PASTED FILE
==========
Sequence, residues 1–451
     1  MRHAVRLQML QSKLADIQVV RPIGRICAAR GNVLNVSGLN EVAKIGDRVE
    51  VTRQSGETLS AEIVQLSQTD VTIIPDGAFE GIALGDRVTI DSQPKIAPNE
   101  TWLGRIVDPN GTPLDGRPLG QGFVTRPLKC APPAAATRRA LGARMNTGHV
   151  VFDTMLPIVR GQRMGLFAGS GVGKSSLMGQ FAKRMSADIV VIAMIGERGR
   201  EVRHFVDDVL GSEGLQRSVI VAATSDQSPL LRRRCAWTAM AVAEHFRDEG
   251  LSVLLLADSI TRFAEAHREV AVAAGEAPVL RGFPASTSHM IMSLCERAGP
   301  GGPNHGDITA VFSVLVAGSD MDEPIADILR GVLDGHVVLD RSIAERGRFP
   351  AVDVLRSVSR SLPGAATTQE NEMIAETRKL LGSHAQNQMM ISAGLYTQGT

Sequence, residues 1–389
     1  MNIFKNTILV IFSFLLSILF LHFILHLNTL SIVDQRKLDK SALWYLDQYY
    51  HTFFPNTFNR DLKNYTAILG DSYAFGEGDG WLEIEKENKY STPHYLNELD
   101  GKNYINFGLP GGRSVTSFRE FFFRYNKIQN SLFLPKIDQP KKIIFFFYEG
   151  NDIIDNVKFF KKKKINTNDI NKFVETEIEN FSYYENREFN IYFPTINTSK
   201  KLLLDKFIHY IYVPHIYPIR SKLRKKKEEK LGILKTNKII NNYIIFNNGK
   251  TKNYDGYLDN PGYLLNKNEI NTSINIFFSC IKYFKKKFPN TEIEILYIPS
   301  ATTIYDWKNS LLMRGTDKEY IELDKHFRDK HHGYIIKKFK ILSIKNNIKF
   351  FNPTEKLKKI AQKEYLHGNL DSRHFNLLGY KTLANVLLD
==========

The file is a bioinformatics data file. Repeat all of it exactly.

Sequence, residues 1–451
     1  MRHAVRLQML QSKLADIQVV RPIGRICAAR GNVLNVSGLN EVAKIGDRVE
    51  VTRQSGETLS AEIVQLSQTD VTIIPDGAFE GIALGDRVTI DSQPKIAPNE
   101  TWLGRIVDPN GTPLDGRPLG QGFVTRPLKC APPAAATRRA LGARMNTGHV
   151  VFDTMLPIVR GQRMGLFAGS GVGKSSLMGQ FAKRMSADIV VIAMIGERGR
   201  EVRHFVDDVL GSEGLQRSVI VAATSDQSPL LRRRCAWTAM AVAEHFRDEG
   251  LSVLLLADSI TRFAEAHREV AVAAGEAPVL RGFPASTSHM IMSLCERAGP
   301  GGPNHGDITA VFSVLVAGSD MDEPIADILR GVLDGHVVLD RSIAERGRFP
   351  AVDVLRSVSR SLPGAATTQE NEMIAETRKL LGSHAQNQMM ISAGLYTQGT

Sequence, residues 1–389
     1  MNIFKNTILV IFSFLLSILF LHFILHLNTL SIVDQRKLDK SALWYLDQYY
    51  HTFFPNTFNR DLKNYTAILG DSYAFGEGDG WLEIEKENKY STPHYLNELD
   101  GKNYINFGLP GGRSVTSFRE FFFRYNKIQN SLFLPKIDQP KKIIFFFYEG
   151  NDIIDNVKFF KKKKINTNDI NKFVETEIEN FSYYENREFN IYFPTINTSK
   201  KLLLDKFIHY IYVPHIYPIR SKLRKKKEEK LGILKTNKII NNYIIFNNGK
   251  TKNYDGYLDN PGYLLNKNEI NTSINIFFSC IKYFKKKFPN TEIEILYIPS
   301  ATTIYDWKNS LLMRGTDKEY IELDKHFRDK HHGYIIKKFK ILSIKNNIKF
   351  FNPTEKLKKI AQKEYLHGNL DSRHFNLLGY KTLANVLLD